Department of Earth and Planetary Sciences - USRG
U-Series Research Group
Uranium-series isotopes provide chronological information in the range 500 kyr down to seconds that is not accessible through other radiogenic or paleontological methods. As these time scales are similar to those on which many Earth processes occur they can provide unique information on the mechanisms involved. The U-series Research Group in the Department of Earth and Planetary Sciences at Macquarie University has two main research agendas (outlined below) that drive a significant number of PhD and post-doctoral projects. However, the group as a whole (see participants) work in a multi-disciplinary manner. The publications list provides a summary of key outputs.
For about a decade we have used U-series isotopes to investigate the time scales of magmatic processes and to use these to constrain physical mechanisms. Beginning with understanding the nature of the on-set of melting we are particularly interested in the transition from porous flow to channelled flow at very low melt fractions in the mantle in a variety of tectonic settings. We hope to combine the U-series constraints with experimental observations using the D-DIA at the Australian Synchrotron. Subsequent to segregation, melts ascend and differentiate. We have an ongoing series of projects that are using U-series isotopes to determine the time scales of differentiation (including processes of assimilation and mixing). These provide new insights into the thermal conditions and rapidity of evolution of magmatic systems (e.g. depth, volume) that can, for example, be used to inform models for volcanic hazards. In relation to the latter, we also have a series of projects investigating the time scales of magmatic degassing.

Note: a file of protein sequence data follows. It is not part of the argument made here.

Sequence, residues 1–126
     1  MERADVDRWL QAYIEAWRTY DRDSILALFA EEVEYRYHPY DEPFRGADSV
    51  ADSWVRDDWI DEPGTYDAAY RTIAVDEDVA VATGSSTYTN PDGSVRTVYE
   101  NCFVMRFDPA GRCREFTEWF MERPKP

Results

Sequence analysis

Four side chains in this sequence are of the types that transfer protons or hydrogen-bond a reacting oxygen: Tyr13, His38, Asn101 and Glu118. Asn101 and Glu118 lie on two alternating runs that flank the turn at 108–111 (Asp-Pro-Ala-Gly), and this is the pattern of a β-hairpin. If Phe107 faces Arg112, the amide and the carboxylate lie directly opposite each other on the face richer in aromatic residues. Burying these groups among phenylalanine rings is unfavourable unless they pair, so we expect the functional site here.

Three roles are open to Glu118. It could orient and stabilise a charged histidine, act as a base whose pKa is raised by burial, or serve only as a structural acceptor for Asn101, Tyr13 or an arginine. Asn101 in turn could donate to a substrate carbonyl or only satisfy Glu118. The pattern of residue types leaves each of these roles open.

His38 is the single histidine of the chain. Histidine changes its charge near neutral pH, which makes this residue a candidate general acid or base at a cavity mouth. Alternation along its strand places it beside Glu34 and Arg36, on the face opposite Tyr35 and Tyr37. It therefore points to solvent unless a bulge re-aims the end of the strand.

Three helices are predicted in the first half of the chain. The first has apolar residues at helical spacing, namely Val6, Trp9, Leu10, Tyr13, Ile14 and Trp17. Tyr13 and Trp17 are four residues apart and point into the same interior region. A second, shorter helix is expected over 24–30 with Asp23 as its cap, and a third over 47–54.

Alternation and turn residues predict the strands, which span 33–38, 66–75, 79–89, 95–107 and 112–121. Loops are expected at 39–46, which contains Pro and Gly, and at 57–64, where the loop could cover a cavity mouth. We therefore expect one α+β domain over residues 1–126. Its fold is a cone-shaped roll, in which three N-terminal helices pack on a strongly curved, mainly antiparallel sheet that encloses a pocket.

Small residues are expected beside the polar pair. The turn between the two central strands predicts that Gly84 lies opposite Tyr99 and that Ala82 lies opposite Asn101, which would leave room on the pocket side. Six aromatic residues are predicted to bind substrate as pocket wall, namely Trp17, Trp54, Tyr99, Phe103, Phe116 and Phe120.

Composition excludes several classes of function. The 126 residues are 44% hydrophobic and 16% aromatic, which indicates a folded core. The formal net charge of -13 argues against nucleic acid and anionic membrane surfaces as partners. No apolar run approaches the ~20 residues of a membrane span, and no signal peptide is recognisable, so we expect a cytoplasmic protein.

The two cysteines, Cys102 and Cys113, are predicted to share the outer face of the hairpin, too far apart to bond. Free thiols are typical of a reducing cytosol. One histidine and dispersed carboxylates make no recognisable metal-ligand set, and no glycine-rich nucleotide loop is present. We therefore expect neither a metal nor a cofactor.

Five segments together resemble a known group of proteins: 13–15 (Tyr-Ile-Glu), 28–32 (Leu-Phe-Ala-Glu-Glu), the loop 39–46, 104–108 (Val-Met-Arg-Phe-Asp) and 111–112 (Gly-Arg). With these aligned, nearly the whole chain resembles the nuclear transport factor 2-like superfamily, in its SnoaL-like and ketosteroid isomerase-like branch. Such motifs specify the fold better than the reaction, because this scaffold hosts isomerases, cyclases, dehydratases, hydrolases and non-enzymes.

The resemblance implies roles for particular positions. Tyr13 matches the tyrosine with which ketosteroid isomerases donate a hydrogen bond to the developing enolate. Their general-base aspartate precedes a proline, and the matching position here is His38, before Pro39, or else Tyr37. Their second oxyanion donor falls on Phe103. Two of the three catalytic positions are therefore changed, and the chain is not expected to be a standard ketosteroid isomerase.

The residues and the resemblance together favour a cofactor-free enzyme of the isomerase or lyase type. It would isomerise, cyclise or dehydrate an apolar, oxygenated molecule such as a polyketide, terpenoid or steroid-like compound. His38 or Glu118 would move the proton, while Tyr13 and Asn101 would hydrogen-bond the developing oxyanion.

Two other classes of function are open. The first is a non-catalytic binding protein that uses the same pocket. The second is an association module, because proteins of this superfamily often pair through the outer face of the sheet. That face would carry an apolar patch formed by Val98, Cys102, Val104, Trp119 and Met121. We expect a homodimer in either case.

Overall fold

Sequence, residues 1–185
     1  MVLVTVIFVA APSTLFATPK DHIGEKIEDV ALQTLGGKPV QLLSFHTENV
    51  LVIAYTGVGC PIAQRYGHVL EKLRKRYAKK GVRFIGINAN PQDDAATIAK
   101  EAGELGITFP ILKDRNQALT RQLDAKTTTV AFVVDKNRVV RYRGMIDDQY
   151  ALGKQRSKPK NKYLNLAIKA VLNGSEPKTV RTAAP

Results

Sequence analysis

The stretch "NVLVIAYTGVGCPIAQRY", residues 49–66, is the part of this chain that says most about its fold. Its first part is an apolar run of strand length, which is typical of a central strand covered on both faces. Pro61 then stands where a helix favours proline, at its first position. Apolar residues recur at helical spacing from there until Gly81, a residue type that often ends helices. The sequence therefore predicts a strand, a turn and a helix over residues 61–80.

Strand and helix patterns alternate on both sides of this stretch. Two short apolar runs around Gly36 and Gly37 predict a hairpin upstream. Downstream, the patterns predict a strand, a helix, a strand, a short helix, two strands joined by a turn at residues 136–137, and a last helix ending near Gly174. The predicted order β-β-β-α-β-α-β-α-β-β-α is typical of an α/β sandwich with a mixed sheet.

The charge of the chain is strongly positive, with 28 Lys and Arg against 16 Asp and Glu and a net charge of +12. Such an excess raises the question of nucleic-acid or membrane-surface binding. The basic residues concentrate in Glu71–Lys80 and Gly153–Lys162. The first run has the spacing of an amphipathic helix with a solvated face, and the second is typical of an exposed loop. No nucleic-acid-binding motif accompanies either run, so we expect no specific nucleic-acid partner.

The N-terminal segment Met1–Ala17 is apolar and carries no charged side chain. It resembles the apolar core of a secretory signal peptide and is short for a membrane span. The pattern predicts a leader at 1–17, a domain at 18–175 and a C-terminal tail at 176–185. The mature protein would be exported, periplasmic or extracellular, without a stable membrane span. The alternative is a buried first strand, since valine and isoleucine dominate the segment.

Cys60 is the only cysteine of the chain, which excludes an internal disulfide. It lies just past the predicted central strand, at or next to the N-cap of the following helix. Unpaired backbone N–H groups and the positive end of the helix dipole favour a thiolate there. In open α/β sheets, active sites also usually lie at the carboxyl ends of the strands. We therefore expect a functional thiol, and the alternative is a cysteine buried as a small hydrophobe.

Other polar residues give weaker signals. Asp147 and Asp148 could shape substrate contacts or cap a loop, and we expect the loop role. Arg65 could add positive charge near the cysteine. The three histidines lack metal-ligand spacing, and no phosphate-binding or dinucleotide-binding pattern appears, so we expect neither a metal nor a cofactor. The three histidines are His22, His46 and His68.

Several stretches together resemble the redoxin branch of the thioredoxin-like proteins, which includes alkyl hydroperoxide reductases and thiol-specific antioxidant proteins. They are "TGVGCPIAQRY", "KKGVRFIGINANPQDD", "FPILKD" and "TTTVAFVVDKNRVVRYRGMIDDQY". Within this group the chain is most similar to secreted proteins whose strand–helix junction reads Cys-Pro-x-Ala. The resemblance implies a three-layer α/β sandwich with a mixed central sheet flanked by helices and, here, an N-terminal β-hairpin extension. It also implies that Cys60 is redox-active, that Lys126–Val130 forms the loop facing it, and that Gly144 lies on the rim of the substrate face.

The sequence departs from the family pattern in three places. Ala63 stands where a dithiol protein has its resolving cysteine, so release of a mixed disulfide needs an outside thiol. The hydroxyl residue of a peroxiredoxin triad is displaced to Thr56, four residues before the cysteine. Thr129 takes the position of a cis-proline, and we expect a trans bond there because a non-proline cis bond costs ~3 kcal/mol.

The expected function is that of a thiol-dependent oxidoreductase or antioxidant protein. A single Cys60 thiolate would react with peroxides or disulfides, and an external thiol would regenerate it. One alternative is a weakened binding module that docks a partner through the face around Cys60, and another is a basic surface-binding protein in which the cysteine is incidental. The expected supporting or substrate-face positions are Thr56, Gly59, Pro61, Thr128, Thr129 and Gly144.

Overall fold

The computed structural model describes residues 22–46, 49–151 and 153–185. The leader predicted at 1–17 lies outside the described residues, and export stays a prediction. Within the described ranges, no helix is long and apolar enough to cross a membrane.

Weathering and erosion processes
Landscape evolution is central to studies of climate change, soil sustainability and neotectonics. In order to understand landscape evolution it is important to know how rapidly soils are produced and transported through the system. We have been strongly involved in efforts to use U-series isotopes, often in conjunction with cosmogenic isotopes, to delineate these time scales. There are a number of different approaches currently employed and on-going research is aimed at appraising their relative merits. By comparing results from both temperate and arid environments we hope to assess the consequences of climate change in ways that can be built into models for future climate change.
Prof. Simon P. Turner
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